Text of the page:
Author Topic: hop rhizomes newbie  (Read 1008 times)

Offline surfin_mikeg

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hop rhizomes newbie
« on: March 05, 2013, 02:47:38 PM »
On a whim I ordered some rhizomes; planning to drop them on a hill that has vigorous plant growth without watering.  It's north facing, coastal, with some direct sunlight.

Asking for insight:

* what's a minimum depth for soil?  It's 1 to 4 inches of hard-pack on clay, all needing rework to make loamy.  Can I get by with 8 to 12 inches of depth?

* are hop vines trainable?  I can set them up to go 16' tall, but I'd rather have them run horizontally after a 3 to 6 foot rise.  Would it negatively affect the plant?

Thanks!




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Re: hop rhizomes newbie
« Reply #1 on: March 05, 2013, 03:08:23 PM »
On a whim I ordered some rhizomes; planning to drop them on a hill that has vigorous plant growth without watering.  It's north facing, coastal, with some direct sunlight.

Asking for insight:

* what's a minimum depth for soil?  It's 1 to 4 inches of hard-pack on clay, all needing rework to make loamy.  Can I get by with 8 to 12 inches of depth?

* are hop vines trainable?  I can set them up to go 16' tall, but I'd rather have them run horizontally after a 3 to 6 foot rise.  Would it negatively affect the plant?

Thanks!

8-12 inches of rich welld drained loam will be okay, you will want to top dress every year so that will increase with time as well.

Some direct light is not great. They will take as much light as you can give them and will produce much better with more.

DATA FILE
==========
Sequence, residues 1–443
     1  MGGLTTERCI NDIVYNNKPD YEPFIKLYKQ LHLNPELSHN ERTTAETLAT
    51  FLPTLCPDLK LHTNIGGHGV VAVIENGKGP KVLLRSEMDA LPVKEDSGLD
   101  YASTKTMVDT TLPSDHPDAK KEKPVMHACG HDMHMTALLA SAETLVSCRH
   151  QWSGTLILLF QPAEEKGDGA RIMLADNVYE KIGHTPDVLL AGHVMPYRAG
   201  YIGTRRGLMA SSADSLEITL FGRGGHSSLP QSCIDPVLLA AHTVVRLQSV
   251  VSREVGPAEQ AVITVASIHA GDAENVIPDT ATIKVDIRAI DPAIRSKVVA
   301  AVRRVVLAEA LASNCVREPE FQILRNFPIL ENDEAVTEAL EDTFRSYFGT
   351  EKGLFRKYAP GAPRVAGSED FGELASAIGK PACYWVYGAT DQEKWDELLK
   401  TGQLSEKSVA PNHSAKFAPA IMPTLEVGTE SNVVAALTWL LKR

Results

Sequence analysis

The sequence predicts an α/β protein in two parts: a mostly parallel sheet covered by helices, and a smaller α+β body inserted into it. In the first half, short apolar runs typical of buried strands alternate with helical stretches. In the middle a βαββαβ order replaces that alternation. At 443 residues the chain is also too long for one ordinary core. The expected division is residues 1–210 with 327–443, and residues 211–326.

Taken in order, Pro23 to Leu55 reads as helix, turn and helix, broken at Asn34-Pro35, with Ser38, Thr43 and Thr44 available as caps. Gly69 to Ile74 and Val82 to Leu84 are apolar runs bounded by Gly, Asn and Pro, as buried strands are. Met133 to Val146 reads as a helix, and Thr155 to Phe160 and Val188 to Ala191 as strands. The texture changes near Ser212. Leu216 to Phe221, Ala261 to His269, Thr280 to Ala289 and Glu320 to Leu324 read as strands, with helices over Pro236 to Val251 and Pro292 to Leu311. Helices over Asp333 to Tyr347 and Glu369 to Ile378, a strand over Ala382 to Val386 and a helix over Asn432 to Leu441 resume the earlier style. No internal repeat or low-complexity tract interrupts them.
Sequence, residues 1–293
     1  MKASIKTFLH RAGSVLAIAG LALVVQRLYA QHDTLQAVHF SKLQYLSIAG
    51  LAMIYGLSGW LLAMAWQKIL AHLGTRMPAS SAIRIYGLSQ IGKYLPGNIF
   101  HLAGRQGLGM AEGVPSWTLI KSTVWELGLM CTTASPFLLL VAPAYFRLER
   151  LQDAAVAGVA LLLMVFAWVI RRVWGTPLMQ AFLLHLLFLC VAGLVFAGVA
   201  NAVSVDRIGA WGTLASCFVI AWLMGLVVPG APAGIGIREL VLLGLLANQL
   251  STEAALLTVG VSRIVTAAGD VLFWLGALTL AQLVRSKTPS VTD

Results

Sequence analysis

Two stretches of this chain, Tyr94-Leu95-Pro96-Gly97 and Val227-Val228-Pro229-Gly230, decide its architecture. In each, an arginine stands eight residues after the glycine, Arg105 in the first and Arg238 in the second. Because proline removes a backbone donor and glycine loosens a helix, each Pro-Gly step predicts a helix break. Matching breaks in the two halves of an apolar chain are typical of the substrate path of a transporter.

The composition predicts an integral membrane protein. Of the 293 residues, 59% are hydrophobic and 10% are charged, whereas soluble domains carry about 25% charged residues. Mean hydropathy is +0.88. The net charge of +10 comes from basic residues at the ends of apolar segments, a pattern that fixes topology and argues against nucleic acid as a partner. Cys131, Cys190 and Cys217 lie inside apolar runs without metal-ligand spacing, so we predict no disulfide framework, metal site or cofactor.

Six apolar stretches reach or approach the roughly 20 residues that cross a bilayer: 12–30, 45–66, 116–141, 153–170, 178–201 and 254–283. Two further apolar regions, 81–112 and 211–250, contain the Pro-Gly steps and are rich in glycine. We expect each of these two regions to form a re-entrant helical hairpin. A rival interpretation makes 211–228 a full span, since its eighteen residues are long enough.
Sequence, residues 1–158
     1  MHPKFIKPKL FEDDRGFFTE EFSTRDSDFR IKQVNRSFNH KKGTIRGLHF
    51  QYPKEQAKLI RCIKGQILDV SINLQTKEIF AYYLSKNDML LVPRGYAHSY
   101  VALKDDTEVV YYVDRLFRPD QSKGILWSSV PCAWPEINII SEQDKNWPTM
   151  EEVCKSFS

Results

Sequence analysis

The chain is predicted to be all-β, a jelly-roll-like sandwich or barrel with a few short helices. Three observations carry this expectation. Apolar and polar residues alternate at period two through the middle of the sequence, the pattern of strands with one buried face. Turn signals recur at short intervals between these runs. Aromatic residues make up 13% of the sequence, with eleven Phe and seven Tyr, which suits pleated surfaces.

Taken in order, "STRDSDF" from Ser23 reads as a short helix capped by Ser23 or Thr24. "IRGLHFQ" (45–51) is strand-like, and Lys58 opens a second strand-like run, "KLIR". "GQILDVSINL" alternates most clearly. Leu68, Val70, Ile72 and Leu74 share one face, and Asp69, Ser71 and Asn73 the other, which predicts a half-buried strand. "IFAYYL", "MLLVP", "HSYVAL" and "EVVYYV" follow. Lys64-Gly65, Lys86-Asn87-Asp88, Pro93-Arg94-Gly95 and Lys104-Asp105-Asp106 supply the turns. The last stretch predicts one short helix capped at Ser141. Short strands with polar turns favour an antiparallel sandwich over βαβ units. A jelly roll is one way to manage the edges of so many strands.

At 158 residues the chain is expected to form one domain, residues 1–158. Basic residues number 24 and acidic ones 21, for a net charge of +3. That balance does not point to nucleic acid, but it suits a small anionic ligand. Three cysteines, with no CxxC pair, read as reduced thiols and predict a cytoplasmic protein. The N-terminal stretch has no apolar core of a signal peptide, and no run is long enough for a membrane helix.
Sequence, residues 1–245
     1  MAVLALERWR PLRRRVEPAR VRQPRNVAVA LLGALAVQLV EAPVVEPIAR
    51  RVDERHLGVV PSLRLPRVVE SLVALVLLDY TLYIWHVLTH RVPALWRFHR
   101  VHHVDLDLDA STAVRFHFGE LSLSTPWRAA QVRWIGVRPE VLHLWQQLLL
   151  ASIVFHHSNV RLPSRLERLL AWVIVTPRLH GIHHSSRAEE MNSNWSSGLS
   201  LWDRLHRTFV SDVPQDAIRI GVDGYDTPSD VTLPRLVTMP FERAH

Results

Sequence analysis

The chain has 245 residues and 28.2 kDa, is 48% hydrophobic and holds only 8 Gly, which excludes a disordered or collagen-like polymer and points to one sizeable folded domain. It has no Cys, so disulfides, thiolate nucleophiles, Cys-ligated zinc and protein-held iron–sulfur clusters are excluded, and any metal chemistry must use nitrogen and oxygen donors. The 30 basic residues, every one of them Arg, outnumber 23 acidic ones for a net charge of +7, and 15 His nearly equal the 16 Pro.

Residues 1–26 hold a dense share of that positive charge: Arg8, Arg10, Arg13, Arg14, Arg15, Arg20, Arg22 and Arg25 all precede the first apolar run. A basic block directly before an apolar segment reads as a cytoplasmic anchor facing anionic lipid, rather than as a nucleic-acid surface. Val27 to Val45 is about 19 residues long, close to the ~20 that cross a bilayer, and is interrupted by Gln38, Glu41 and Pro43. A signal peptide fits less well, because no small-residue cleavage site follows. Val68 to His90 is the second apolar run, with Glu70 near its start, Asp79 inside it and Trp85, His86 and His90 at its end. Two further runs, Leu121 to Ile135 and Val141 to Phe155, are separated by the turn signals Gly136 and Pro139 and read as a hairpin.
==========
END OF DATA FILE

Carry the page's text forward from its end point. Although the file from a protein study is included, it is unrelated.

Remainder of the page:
The bines are trainable and much prefer to go vertical. If you train them horizontal you will get less harvest but generally you get a lot anyway so it may be fine.
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Offline denny

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Re: hop rhizomes newbie
« Reply #2 on: March 05, 2013, 03:11:32 PM »
The bines are trainable and much prefer to go vertical. If you train them horizontal you will get less harvest but generally you get a lot anyway so it may be fine.

My Cascade plant goes about 6' up a deer fence, than horizontal across the top.  The plant is maybe 10-11 years old now.  My harvest averages about 20 lb. before drying from a single plant.
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Re: hop rhizomes newbie
« Reply #3 on: March 05, 2013, 03:35:14 PM »
The bines are trainable and much prefer to go vertical. If you train them horizontal you will get less harvest but generally you get a lot anyway so it may be fine.

My Cascade plant goes about 6' up a deer fence, than horizontal across the top.  The plant is maybe 10-11 years old now.  My harvest averages about 20 lb. before drying from a single plant.

so you get ~4 lbs per plant dry, looks like the industry standard (whatever that is) is about 2.8 tons per hectare which very roughly works out to about 10 lbs per plant.
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Offline surfin_mikeg

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Re: hop rhizomes newbie
« Reply #4 on: March 05, 2013, 04:22:22 PM »
The bines are trainable and much prefer to go vertical. If you train them horizontal you will get less harvest but generally you get a lot anyway so it may be fine.

My Cascade plant goes about 6' up a deer fence, than horizontal across the top.  The plant is maybe 10-11 years old now.  My harvest averages about 20 lb. before drying from a single plant.

so you get ~4 lbs per plant dry, looks like the industry standard (whatever that is) is about 2.8 tons per hectare which very roughly works out to about 10 lbs per plant.

I'd be happy with 2-3 lbs from each.  What I'm really doing is planning ahead should there ever be a hot season.

Thanks again, the feedback is helpful.

Offline denny

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Re: hop rhizomes newbie